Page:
Parks & Natural Resources

As a longtime nonprofit executive director, I have seen firsthand how parks programming enriches the lives of Portlanders and makes an important contribution to the health of this community. Especially now, we can see how people are turning to our parks and natural spaces for their physical and emotional well-being. My goal is to expand our parks resources to increase access to Black, Indigenous, other communities of color, working families and East Portland communities.

In fact, 33% of youth in Portland live east of I-205 and 59% of those youth do not have access to a playground. Knowing this matters and taking action matters more - especially in the midst of these challenging times where we have no choice but to stay home or find spacious outdoor places - in order to stay safe. Even more, for people and families with little or no direct access greenspaces, like in more urban or apartment settings, access to city parks has been a lifeline. Parks and open spaces are providing an opportunity for youth and adults to go outside, get exercise, breathe fresh air and mentally and physically recharge. For these reasons, I’ll work hard to ensure we hold onto, and expand, this precious resource.

Climate Action

We have a vanishingly small window of opportunity to take climate action. The climate crisis affects all Portlanders, impacting Black, Indigenous, other communities of color and working and low-income families hardest of all. I am committed to ensuring Portland continues to be a leader by supporting community-led efforts to accelerate our shared city and county goal to get 100% of our energy from renewable sources by 2035. To get us there, I support the development of community-based energy sources, pushing our region to hasten the shift to renewable sources, and supporting the implementation of policies and strategic community-based climate programs and projects like Portland Clean Energy Fund, that creates good-paying jobs, and elevates the leadership of the most-impacted Portlanders in our climate efforts.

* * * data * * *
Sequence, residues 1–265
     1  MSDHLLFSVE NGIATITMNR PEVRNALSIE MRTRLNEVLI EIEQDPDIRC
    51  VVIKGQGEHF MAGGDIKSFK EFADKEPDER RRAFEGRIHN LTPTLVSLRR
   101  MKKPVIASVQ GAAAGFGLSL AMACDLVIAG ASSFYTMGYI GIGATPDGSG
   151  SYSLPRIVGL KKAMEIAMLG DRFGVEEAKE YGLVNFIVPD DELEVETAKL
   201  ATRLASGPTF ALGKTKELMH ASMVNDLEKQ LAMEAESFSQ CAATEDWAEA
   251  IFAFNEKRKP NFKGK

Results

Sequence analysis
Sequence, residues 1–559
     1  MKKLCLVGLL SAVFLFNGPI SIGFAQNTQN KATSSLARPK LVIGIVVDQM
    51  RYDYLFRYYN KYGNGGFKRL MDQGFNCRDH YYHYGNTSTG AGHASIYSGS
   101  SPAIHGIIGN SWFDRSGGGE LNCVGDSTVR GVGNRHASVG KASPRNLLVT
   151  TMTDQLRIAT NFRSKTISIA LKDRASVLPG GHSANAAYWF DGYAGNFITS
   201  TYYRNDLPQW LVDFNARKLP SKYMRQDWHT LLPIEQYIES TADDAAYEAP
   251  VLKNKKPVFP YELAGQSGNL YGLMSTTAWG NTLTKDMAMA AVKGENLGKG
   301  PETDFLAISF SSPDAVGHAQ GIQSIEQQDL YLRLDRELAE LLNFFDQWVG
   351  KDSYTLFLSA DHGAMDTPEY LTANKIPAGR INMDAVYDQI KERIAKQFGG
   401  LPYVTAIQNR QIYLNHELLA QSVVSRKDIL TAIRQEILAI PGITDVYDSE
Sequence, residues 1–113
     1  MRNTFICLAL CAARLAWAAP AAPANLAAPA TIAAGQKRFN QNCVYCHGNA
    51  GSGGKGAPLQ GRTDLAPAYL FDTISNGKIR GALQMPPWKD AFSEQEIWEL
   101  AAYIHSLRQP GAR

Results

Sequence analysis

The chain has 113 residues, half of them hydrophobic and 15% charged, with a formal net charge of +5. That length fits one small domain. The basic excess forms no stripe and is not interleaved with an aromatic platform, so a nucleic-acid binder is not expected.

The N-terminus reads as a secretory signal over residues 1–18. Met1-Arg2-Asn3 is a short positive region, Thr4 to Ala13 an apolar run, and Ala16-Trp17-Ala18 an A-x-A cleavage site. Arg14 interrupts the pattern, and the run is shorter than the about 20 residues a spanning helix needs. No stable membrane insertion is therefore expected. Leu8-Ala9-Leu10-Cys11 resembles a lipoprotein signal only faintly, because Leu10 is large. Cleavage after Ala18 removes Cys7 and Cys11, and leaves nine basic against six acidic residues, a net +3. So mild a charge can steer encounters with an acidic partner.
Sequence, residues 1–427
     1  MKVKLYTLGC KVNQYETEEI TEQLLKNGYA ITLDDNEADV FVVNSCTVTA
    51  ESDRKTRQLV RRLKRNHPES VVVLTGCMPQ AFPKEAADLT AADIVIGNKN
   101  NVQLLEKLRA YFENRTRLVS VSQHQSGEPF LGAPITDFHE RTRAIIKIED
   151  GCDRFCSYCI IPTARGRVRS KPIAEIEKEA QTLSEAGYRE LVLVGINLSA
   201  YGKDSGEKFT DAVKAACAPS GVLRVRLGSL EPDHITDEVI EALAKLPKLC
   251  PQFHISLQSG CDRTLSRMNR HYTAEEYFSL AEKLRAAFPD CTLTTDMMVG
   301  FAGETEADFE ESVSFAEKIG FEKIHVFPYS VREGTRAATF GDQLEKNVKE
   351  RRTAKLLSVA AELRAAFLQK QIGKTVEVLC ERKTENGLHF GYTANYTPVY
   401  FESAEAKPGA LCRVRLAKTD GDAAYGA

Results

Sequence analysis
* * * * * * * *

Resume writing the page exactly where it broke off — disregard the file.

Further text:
In transportation, I support investments that make transit, bicycling, and walking – fast and safe alternatives. We need to do that recognizing that most of our high-crash corridors are in low-income and BIPOC communities, and this is why we must prioritize investments to create plentiful and reliable transportation options. Efficient transportation options bring access to economic opportunity, work, school, and recreation.

Reimagining Public Safety

There is no mistaking that the year 2020 was a call for change. It’s clear the community is ready to see a new, community-centered way to do public safety. I am committed to working with stakeholders, community advocates and my colleagues to reimagine a community safety system that is right for Portland, and to make progress on dismantling the systemic racism that excludes more residents from participating in their government.

Communities still need safety responses and resources in times of emergency, but we must continue to look for alternative response efforts to roles that have traditionally been carried out by police. I support a path to more dialogue and innovation that result in action. I will work with my colleagues in the same way I’ve conducted myself with my peers and fellow advocates throughout my career: with collaboration, respect, and leading with my values. Together with the community we will make progress on dismantling the systemic racism that exists within our institutions.